I have never thought of tithing as a Christian requirement, but I have tithed for years (almost always gone beyond that amount), and intend to continue doing so.  To me, it is a matter of dedicating my “firstfruits” to God, a specified amount that goes to him no matter what, rather than giving him my “leftovers.”  Tithing is something that puts us all on equal ground in one sense, no matter what the actual amount given.  Therefore, while I will not attempt to bind this type giving on other Christians, I still plan to give this much, and more, of my firstfruits to God.  You will have to figure out what you are going to do regarding giving and then do it.  But as for me and my house, we have a plan that is biblically and practically recommendable.  As I heard once, I think we will do better financially with 90% of our money and God’s blessing than 100% of it without his blessing.  Of course, I am not saying that God will bless one thing and not another, for I’m sure he looks at many factors about our giving.  The study of the widow’s giving in Luke 21:1-4 shows that God is not only very interested in what we give, but even more interested in what we have left after giving.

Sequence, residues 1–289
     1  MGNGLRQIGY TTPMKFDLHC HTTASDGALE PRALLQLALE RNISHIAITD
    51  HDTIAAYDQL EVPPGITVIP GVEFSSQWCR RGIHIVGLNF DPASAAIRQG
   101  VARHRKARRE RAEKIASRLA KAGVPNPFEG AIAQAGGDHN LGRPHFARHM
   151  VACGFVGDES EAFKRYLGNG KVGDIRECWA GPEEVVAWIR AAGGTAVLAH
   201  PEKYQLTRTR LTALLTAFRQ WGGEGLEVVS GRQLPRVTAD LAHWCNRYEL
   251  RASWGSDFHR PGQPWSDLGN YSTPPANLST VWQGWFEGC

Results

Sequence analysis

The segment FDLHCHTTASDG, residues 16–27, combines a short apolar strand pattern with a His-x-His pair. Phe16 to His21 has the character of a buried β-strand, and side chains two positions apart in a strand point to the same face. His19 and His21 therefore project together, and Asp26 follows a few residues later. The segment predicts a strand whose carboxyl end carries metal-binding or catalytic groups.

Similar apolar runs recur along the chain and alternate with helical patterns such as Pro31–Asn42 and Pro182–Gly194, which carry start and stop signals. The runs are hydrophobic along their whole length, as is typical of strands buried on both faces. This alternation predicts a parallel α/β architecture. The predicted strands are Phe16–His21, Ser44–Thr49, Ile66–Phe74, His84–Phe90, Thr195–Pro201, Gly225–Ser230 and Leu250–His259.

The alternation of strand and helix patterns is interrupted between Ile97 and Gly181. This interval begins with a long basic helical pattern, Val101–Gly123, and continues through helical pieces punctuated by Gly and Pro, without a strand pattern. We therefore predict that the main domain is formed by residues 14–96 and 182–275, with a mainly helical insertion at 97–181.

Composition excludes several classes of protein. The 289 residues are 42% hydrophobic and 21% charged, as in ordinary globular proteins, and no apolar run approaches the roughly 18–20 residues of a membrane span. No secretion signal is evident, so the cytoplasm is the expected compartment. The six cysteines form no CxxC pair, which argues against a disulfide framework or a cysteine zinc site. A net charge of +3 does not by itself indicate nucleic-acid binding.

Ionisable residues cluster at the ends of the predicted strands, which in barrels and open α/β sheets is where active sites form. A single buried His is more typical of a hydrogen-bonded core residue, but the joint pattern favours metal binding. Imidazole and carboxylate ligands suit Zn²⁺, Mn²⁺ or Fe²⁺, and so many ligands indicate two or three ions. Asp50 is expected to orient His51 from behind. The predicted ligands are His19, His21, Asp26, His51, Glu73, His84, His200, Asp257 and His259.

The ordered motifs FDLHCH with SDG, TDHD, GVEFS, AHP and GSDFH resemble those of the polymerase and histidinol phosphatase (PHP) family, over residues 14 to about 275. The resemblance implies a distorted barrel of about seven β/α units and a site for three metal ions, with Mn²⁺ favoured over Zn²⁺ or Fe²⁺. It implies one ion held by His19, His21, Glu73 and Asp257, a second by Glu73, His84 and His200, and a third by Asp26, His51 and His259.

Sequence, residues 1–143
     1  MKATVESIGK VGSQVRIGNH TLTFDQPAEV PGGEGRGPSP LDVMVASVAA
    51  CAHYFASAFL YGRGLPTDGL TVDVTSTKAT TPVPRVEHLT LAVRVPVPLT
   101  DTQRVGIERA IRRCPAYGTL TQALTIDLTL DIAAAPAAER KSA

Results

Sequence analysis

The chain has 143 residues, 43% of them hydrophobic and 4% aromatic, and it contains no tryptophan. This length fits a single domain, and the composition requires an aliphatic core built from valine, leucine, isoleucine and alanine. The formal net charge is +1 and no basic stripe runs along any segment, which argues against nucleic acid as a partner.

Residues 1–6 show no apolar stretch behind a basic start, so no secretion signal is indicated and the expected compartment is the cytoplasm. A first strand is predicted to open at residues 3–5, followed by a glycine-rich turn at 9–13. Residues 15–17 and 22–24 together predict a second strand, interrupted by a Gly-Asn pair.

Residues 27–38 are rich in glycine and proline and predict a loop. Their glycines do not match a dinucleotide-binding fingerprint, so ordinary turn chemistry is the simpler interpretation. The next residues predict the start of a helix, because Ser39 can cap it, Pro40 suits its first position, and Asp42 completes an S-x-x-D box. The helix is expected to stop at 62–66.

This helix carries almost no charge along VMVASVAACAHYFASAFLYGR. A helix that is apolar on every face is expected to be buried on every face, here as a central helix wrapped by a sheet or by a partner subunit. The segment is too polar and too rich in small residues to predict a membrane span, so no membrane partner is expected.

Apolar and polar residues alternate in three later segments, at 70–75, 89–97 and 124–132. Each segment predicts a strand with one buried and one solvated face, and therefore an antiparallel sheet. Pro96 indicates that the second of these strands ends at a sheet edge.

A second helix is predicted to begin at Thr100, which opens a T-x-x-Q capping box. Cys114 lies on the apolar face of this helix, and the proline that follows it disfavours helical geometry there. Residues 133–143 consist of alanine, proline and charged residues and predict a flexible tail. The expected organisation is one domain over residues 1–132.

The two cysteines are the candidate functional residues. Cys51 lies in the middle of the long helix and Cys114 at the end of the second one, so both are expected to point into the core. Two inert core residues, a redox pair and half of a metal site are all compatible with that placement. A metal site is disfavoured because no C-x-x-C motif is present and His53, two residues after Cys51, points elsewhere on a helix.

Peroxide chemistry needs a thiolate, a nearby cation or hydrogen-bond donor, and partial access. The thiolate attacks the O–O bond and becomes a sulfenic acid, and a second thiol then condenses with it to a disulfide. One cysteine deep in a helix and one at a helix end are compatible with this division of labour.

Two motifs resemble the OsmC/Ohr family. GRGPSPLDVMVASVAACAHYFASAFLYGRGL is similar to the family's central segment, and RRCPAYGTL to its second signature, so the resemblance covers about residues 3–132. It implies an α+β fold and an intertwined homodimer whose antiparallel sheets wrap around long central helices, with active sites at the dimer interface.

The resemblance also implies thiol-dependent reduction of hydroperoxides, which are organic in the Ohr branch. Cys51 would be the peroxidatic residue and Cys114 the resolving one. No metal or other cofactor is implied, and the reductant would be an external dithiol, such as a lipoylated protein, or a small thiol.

As a young married man, I heard some teaching about money and giving that has continued to influence my thinking and practices.  In Matthew 6:21, Jesus said:  “For where your treasure is, there your heart will be also.”  I used to view the teaching of this verse in reverse – where your heart is, there your treasure will be also.  It seemed logical to think of it in that way, for if your heart is in something, you will also put your money there.  However, the verse says that if you put your money into something, your heart will follow.  Jesus always looks at things differently than we tend to see them.  Most people who have cut back their giving in the past year have either left the church or will end up leaving unless they begin giving their money again.  Isn’t that exactly what Matthew 6:21 teaches, that the heart will follow the use of money?  Then a few verses later, Jesus says:  “No one can serve two masters. Either he will hate the one and love the other, or he will be devoted to the one and despise the other. You cannot serve both God and Money” (Matthew 6:24).  Materialism is an insidious disease, and one that I am afraid of in my own life.  The cure for this malady is multifaceted, but the starting place is consistent, sacrificial giving.